Category Archives: Soup

Butternut Squash Soup with Jalapeno

Bnut soup 001

This summer, one of the vegetables I raised was Butternut Squash. It did very well. As I wrote my different relatives, I got over 12 squash that weighed at least 4 pounds each. My sister said she had been able to taste a Butternut Squash soup that was good, and sent me a pointer to the recipe.

This year, I am finding many Butternut Squash Soup recipes. There are several things they all seem to have in common; they use fresh ginger, and coconut milk. And they add capsicum heat. That is the burn from hot peppers. Caprial Pense’s recipe (Curry Winter Squash Soup) gets it heat from the peppers in the curry powder, while this recipe goes straight for the hot pepper by adding a Jalapeno. Finally, they all seem to use a cream product as a garnish- sour cream, cremefraiche, … And as a result, all the photos of the different soups look exactly alike!

Butternut Squash Soup with Jalapeno


  • 3 Tbs butter
  • 1 onion, diced
  • 2 tsp grated fresh ginger
  • 1 jalapeno pepper, seeded and diced
  • 2 lbs butternut squash, peeled, seeded and cubed
  • 16 oz. chicken broth
  • 12 oz. evaporated milk
  • 1/2 cup coconut milk
  • 1 Tbs granulated sugar
  • salt and black pepper to taste
  • sour cream for garnish when serving


  1. Melt the butter in a large pot over medium heat; stir in the onion, ginger and jalapeno pepper; cook until the onion turns transparent.
  2. Add the squash and broth and raise the heat to high to bring the pot to a boil.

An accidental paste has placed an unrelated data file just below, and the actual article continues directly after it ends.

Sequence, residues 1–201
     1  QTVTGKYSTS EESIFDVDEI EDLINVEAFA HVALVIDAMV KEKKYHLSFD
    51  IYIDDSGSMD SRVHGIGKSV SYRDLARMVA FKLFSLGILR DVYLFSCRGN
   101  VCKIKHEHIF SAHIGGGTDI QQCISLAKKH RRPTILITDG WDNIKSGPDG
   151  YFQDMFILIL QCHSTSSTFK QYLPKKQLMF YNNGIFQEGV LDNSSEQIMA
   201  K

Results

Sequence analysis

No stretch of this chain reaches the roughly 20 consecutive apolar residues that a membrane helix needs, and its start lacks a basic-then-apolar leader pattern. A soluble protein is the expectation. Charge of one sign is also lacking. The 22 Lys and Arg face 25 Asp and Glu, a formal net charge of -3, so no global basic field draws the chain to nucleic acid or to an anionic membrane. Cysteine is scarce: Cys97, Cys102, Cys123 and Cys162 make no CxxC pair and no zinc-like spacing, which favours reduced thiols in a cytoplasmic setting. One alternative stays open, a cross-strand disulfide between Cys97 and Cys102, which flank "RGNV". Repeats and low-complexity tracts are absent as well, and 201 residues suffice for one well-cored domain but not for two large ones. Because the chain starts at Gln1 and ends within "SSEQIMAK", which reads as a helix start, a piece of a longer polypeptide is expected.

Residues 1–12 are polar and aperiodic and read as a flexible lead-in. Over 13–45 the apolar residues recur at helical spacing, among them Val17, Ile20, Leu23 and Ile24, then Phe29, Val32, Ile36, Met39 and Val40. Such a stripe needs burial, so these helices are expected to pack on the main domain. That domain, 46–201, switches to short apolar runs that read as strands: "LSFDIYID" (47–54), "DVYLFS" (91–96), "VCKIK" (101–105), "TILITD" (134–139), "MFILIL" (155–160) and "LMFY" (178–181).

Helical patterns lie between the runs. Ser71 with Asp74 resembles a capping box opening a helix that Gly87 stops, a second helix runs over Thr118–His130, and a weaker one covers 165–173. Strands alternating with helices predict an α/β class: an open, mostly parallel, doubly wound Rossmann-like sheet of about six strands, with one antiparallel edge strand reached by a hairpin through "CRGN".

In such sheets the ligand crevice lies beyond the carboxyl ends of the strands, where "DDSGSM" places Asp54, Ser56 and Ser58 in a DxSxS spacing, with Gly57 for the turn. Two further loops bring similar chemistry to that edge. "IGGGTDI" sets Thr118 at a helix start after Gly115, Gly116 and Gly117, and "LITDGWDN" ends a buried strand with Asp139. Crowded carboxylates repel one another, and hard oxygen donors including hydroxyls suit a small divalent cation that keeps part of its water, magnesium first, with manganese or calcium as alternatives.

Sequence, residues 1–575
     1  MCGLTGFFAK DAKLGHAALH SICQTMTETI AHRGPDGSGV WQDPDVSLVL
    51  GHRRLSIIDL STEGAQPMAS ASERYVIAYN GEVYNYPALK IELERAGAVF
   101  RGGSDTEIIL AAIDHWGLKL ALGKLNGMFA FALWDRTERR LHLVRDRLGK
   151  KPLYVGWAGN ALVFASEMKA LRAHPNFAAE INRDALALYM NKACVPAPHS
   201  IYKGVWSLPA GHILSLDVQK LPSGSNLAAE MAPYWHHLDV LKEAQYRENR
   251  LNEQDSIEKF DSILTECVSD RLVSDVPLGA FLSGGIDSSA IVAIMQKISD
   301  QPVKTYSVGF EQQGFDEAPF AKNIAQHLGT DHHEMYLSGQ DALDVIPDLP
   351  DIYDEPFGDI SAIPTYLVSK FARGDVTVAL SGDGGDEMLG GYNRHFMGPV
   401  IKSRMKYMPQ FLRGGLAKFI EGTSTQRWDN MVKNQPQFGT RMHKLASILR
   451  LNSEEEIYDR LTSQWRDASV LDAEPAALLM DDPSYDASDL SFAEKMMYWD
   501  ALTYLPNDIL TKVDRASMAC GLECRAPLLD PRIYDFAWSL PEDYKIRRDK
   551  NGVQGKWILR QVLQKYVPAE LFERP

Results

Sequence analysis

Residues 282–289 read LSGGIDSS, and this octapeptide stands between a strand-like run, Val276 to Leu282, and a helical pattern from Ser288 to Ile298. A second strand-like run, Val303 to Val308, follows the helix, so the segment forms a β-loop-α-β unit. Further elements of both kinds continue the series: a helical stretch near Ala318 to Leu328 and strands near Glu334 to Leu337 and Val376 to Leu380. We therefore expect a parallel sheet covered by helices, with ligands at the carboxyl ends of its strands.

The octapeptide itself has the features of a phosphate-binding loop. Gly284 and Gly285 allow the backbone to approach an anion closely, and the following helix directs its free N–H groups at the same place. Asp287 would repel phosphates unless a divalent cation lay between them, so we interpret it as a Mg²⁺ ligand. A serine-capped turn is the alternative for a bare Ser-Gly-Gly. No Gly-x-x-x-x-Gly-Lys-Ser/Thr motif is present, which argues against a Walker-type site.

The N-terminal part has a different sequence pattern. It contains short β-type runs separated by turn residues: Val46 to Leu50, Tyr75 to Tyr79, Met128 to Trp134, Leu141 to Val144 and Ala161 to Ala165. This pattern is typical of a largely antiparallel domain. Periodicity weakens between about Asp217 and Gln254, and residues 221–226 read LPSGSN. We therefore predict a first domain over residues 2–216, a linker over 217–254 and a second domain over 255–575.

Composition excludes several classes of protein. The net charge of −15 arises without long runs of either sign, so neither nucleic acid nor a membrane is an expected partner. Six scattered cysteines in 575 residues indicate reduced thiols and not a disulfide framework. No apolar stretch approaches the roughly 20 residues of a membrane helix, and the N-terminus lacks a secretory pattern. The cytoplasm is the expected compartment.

3. reduce the heat to medium low, cover the pot and simmer until the squash is tender- about 30 minutes.
  4. Stir in the evaporated and coconut milks, and sugar; cook for another 5 minutes. Puree the soup** (see below)
  5. Add salt and black pepper to taste, and stir well into the pureed soup.
  6. Ladle the pureed soup into bowls and garnish with a large spoon of sour cream to serve.

**To puree the soup, if possible, use a stick/immersion blender. If not, then do the soup in batches in a blender as follows:

  • ladle some soup into the blender, do not fill the blender more than half full.
  • hold the lid on the blender with a towel so you don’t get burned; then pulse the blender a few times to break up the chunks before turning it onto Puree.
  • Pour the pureed soup into a clean pot, and continue to puree the soup in batches until it is smooth.

When I seed a squash, I always save the seeds and roast them. That is so easy, and they are a good snack.

Since I also grew my own Jalapenos this year, I was finishing my last harvest of the jalapenos and saved two out for making this soup. So I added extra heat by using both the jalapenos instead of just one. It was okay, and the sour cream garnish gives you a chance to cool your mouth from the heat if necessary.

Dill Pickle Soup

pickle soup 001

What do you do with the juice in the jar of dill pickles? Marlys loved dill pickles, and there was always a jar of some type of dill pickles in the refrigerator; whole, spears or slices. And, after obtaining this recipe from the Trianon restaurant, we always seemed to have a jar of the juice from the dill pickles. Whenever we finished a jar of pickles, the juice was collected for making soup.

For the record, Trianon was a local restaurant that didn’t make it, and has long since disappeared.

This soup has body from the thickened flour and heavy cream, but it retains the dill pickle taste.